COLUMBUS, Ohio - The Ohio State University Wexner Medical Center's Heart and Vascular Center has named Dr. Garret FitzGerald, professor of Medicine and Pharmacology; chair of the Department of Pharmacology and director of the Institute for Translational Medicine and Therapeutics at the Perelman School of Medicine at University of Pennsylvania, the recipient of the 2013 Jay and Jeanie Schottenstein Prize in Cardiovascular Sciences.
The Schottenstein Prize is among the largest monetary prizes in the United States dedicated to cardiovascular research. The prize was established with a $2 million gift from philanthropists Jay and Jeanie Schottenstein, and is awarded to an international leader in the clinical sciences of cardiovascular medicine, cardiothoracic surgery, or the basic sciences of molecular or cellular cardiology. With the gift, the Schottenstein Laureate receives an honorarium of $100,000. FitzGerald will receive the award during a ceremony in Columbus on Oct 2.
According to Ohio State's Heart and Vascular Center Director, Dr. Thomas Ryan, this prize not only provides international recognition to someone who is on the leading edge of his or her field, it also offers an unparalleled educational opportunity for Ohio State University's academic, medical and research communities and the community at large. The awarding of the Schottenstein Prize exposes these groups to the knowledge and discoveries of a physician or researcher of extraordinary talent and caliber.
FitzGerald's research takes an integrative approach to elucidating the mechanisms of drug action, drawing on work in cells, model organisms, and humans. His work contributed substantially to the development of low-dose aspirin for cardioprotection. His lab discovered how lower doses of aspirin than had been previously used to treat pain and inflammation act on blood cells called platelets to shut down their role in blocking arteries to cause heart attacks and strokes. Low-dose aspirin is now used for this purpose throughout the world and has saved the lives of tens of millions of people. His group was also the first to predict and then mechanistically explain the cardiovascular hazard from nonsteroidal anti-inflammatory drugs (NSAIDs). His laboratory also described the first molecular clock in the cardiovascular system.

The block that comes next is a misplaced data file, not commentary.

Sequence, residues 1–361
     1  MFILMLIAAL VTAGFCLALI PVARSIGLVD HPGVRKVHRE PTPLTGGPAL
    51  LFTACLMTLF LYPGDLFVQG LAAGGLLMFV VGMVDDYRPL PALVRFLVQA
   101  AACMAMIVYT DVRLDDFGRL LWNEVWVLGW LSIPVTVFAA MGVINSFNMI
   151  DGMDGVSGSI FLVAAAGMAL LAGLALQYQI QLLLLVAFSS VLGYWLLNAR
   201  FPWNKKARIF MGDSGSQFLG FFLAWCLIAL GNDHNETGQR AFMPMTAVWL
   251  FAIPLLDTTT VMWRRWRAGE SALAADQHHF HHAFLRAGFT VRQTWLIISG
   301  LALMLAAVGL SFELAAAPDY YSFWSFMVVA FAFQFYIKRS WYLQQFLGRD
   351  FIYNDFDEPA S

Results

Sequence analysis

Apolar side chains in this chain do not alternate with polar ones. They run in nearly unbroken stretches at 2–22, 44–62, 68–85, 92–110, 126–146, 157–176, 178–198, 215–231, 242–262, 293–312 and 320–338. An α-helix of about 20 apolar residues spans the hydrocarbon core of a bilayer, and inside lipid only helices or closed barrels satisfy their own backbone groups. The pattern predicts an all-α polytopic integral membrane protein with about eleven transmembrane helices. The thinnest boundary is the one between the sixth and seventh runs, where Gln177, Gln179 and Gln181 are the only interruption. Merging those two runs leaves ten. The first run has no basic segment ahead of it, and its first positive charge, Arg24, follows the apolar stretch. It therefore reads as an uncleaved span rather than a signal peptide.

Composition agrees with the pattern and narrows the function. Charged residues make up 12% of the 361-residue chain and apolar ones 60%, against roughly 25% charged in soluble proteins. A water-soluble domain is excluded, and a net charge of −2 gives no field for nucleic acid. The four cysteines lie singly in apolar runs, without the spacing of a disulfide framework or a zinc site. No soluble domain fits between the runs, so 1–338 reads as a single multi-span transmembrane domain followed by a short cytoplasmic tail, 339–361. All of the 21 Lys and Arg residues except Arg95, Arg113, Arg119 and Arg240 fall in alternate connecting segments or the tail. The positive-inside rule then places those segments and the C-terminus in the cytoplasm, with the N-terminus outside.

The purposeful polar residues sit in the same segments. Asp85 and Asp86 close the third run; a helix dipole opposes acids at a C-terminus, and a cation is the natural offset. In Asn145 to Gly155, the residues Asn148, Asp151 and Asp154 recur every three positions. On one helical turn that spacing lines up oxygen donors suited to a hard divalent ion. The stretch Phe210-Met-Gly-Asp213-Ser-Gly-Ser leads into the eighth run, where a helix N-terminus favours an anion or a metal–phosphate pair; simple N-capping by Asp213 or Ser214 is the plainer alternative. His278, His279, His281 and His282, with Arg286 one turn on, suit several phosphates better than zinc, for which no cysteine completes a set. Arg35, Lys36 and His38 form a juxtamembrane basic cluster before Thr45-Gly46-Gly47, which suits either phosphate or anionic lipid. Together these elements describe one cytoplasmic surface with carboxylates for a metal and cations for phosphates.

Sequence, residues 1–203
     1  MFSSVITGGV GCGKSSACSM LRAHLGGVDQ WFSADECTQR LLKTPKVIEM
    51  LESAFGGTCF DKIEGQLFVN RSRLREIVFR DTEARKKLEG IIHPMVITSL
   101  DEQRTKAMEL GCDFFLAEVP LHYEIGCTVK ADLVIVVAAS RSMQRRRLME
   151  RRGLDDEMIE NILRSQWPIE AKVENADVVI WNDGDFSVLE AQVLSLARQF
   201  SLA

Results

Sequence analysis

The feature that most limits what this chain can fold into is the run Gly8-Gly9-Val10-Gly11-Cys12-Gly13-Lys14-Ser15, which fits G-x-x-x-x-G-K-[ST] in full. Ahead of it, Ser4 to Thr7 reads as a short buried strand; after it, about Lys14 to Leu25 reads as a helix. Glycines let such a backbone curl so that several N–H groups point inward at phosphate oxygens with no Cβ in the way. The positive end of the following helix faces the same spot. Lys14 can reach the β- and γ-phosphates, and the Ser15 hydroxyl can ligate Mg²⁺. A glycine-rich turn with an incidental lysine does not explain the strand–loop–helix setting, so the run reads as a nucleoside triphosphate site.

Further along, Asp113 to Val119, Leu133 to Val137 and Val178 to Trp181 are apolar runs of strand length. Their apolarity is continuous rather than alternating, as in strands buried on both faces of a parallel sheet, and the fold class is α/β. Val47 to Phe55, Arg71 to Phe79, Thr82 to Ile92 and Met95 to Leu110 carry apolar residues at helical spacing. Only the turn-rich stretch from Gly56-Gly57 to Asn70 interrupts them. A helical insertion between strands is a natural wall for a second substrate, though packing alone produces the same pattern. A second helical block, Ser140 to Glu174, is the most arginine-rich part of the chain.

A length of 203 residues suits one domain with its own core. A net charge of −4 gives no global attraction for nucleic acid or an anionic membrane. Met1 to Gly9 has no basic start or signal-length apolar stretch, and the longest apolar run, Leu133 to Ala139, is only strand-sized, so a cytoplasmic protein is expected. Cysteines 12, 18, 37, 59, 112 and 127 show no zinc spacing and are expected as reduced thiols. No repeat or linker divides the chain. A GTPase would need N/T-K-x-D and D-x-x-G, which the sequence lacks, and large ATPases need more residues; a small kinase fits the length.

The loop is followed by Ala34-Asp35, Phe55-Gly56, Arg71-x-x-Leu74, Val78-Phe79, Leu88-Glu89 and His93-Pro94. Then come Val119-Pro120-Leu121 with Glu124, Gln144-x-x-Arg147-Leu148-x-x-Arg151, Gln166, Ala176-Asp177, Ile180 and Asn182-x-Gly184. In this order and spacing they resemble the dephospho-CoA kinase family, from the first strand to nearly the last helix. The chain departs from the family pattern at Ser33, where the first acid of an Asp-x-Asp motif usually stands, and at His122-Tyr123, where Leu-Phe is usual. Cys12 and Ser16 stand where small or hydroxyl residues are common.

While in Columbus, FitzGerald will lecture during a special Grand Rounds in the Richard M. Ross Heart Hospital and meet with cardiovascular researchers at the Dorothy M. Davis Heart and Lung Research Institute.
Jay and Jeanie Schottenstein are well known for their support of The Ohio State University and non-profit organizations throughout the country. Jay serves on The Ohio State University Wexner Medical Center External Strategic Planning Committee and as an emeritus member of The Arthur G. James Cancer Hospital and Richard J. Solove Research Institute Foundation Board. Jeanie is a director of The Ohio State University Foundation Board and her work has led to the creation of the Women's Health Initiative to further develop women's health research, education and clinical programs.
Ohio State's Heart and Vascular Center is a leader in cardiovascular care, translating research discoveries made at the Davis Heart and Lung Research Institute into patient care in cardiovascular medicine, vascular surgery and cardiothoracic surgery at the Ross Heart Hospital.
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Wexner Medical Center Public Affairs and Media Relations